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Google may face yet another European antitrust prove, this time over ad products

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Just as one European antitrust case against Google reached its conclusion, with a second one underway, it may be facing a third, reports the Financial Times.

The first antitrust case found that Google abused its dominant position in search to promote its own products over that of competitors. with the company told to expect large fines. A second one is underway, to determine whether Google forced smartphone manufacturers to favor its own apps over competitor ones in return for permission to use Android.

The FT now reports that a number of companies selling online advertising have asked the European Commission to consider a third case, to investigate Google’s dominance of the web advertising business …  Expand
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Yahoo trialling Google ads in search despite earlier objections by Dept of Justice

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Yahoo is currently including Google ads in some of its search results in what the company described to the NY Times as a “small test.” The ads were first spotted by SEO Book.

Yahoo confirmed on Wednesday that it has begun testing the use of Google search ads for a small portion of its desktop and mobile web search results. “As we work to create the absolute best experiences for Yahoo users, from time to time, we run small tests with a variety of partners including search providers,” the company said.

Google offered Yahoo an ad partnership all the way back in 2008, but pulled out after objections from the Department of Justice on antitrust grounds …  Expand
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Harvard/Columbia study for Yelp may influence level of European antitrust fines for Google

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A study commissioned by Yelp and carried out by two prominent U.S. academics has quantified the impact of Google giving prominence to its own services over organic results, reports the WSJ.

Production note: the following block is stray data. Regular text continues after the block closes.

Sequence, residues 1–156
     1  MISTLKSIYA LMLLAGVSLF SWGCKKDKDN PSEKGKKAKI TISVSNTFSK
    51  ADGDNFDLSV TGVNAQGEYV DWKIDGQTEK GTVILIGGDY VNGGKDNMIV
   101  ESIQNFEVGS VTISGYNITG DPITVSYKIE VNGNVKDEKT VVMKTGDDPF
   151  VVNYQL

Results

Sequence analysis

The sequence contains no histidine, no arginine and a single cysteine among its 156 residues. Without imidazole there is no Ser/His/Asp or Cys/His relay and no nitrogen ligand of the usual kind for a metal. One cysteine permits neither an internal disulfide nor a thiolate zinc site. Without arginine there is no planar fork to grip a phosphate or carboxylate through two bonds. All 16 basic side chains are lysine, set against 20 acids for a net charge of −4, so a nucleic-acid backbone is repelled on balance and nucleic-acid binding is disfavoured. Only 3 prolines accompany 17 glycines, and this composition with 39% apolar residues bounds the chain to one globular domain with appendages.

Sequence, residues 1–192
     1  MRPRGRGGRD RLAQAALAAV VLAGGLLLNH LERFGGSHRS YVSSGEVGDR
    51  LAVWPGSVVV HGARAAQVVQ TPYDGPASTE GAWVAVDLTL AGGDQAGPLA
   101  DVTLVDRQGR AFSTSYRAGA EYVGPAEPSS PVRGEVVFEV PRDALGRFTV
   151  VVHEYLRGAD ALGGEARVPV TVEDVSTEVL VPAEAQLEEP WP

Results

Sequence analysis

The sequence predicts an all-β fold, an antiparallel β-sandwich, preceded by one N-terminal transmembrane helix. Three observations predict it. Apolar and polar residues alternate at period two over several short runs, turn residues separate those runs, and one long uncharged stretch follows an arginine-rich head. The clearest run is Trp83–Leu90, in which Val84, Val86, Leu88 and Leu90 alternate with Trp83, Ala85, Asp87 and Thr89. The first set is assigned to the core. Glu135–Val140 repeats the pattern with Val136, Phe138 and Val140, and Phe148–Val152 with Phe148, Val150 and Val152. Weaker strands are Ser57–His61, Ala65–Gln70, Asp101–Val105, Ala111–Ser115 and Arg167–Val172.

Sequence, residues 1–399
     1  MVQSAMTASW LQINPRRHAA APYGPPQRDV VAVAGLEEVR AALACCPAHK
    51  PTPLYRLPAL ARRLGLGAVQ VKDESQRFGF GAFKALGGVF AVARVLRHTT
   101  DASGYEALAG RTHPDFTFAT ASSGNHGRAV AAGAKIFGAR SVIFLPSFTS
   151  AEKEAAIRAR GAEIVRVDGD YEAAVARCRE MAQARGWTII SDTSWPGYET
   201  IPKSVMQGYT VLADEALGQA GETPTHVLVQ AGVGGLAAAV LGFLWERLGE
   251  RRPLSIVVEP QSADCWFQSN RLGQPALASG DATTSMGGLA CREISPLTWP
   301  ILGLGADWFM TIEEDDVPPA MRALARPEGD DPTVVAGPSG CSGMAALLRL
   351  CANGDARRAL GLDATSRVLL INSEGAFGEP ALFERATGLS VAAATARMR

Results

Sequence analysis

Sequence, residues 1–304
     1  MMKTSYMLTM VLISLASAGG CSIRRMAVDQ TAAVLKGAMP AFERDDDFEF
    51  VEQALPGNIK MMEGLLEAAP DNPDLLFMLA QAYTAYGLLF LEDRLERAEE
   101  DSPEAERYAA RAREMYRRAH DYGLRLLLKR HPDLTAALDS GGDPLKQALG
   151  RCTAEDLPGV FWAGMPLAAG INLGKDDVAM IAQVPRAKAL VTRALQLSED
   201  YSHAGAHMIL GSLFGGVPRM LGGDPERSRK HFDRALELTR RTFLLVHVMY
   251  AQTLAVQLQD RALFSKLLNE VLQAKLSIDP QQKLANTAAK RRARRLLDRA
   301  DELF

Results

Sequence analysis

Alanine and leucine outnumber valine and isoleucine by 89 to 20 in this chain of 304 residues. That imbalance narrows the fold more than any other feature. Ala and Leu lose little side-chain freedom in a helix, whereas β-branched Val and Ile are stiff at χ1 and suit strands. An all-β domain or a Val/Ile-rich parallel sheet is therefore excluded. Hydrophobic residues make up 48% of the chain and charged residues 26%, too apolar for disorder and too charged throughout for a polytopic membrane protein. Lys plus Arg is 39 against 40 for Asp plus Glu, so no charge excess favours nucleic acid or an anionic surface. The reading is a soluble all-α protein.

The study’s authors— Michael Luca of Harvard Business School and Tim Wu of Columbia Law School—found that users were 45% more likely to click on results that were ranked purely by relevance, rather than as Google ranks them now, with its own services displayed prominently.

The study of 2,500 Internet users said that the results provided empirical evidence that Google’s promotion of its own services resulted in lower-quality search results for consumers. Google, in contrast, had argued that its own specialist services can provide consumers with more precise answers to their queries.

Yelp was one of a number of companies that filed European antitrust complaints against Google five years ago, leading to a European Commission investigation that has been running ever since – with various attempts by Google to bring proceedings to and end. Some of these were rejected while others were accepted, but the EC finally decided in April to file charges against Google, before being told to expect large fines.

The results of this study may influence the level of these fines.

Photo: AP

Google admits it hasn’t always been clear to European users & businesses regarding its policies

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Google has been facing legal heat in Europe for several users over how it handles and collects user data as well as its monopoly-like actions, but today the company finally admitted that it has made some mistakes. Google’s European chief executive Matt Brittin stated today to Politico that Google has failed to make its intentions well-known in Europe.